The benefits of hybrid working have been covered at length, with improved work-life balance and greater freedom among the many reasons why Pew research found 98% of people want to work remotely at least some of the time.

However, there are still great numbers of people who don’t quite see so many benefits as others, and for whom remote working (even just a few days a week) doesn’t hold quite the appeal.

If this sounds like you, there’s every chance you’re better served working in the more traditional manner. Here are three of the more common reasons for eschewing remote working.

1. Loneliness

The office isn’t just a place to silently get the work done, of course. It can be a social environment where people gather to chat about the latest developments – be that at the company itself or the wider world (or even just the latest TV sensation!).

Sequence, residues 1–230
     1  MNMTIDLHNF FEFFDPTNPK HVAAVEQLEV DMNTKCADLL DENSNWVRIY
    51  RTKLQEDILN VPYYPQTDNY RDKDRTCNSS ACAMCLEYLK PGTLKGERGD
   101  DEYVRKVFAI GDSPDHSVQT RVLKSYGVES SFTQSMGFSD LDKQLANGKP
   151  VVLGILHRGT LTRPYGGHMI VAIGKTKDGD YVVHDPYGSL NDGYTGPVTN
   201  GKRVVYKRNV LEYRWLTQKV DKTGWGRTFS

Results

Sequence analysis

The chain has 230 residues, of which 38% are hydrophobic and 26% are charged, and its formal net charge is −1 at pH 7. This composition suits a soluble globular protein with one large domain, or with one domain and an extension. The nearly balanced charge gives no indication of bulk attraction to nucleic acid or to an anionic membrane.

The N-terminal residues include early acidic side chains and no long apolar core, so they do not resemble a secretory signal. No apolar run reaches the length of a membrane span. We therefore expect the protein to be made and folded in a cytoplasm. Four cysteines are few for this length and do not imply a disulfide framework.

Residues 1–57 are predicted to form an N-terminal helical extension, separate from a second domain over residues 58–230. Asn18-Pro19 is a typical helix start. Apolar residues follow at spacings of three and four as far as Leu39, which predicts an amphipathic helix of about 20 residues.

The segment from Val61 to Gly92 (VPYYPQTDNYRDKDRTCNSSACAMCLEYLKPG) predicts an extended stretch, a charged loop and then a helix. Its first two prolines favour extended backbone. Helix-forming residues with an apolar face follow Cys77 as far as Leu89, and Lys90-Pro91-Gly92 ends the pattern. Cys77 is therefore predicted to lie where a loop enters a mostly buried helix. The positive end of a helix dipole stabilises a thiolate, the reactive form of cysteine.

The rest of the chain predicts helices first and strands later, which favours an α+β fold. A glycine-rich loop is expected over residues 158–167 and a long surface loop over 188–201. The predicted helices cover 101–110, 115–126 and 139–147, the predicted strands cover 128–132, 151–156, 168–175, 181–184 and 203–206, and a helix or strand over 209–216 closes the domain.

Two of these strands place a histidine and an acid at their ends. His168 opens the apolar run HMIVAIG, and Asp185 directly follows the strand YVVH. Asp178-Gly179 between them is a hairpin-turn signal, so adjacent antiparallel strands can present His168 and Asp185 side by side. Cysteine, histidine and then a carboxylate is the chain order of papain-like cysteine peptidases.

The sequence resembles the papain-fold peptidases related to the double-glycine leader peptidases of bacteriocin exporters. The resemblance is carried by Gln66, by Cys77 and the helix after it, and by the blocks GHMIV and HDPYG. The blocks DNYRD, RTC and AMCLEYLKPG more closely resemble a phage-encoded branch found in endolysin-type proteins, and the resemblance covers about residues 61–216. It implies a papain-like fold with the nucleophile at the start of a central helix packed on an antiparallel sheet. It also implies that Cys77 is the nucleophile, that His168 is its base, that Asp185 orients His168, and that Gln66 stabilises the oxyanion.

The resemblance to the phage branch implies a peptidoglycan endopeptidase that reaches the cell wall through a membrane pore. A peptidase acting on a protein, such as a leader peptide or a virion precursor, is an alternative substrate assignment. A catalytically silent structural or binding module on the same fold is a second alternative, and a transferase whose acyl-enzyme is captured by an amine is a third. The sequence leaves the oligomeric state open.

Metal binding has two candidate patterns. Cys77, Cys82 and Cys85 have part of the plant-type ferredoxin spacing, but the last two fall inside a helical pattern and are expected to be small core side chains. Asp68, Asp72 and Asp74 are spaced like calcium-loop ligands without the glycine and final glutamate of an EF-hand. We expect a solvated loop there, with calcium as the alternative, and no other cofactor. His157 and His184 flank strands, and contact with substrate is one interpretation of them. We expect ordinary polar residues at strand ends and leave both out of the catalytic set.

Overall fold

For those who live alone or thrive in a social environment it can be surprising just how big an impact on their emotional wellbeing that remote working can cause.

2. Productivity

Being away from the office chatter allows some people to focus more on the job at hand. But that’s not the case for everyone. Whether it’s distractions from children, by not having a dedicated work space, or simply the creature comforts of home, productivity can take a hit. If this rings true, spending more time at the office may be better for focus and output – as well as helping to draw a clearer line between work and home.

3. Relationship building

Remote working does bring with it distance from colleagues – both literally and metaphorically. Without sharing the same physical space to talk and bond, it’s understandable that some workers feel detached from even their closest collaborators.

This was part of the reason why Facebook founder Mark Zuckerberg pulled employees back into the office after the Covid-19 pandemic, claiming that in-person work and relationship building made it “easier to build trust” in people; relationships what would “help us work more effectively” in the future.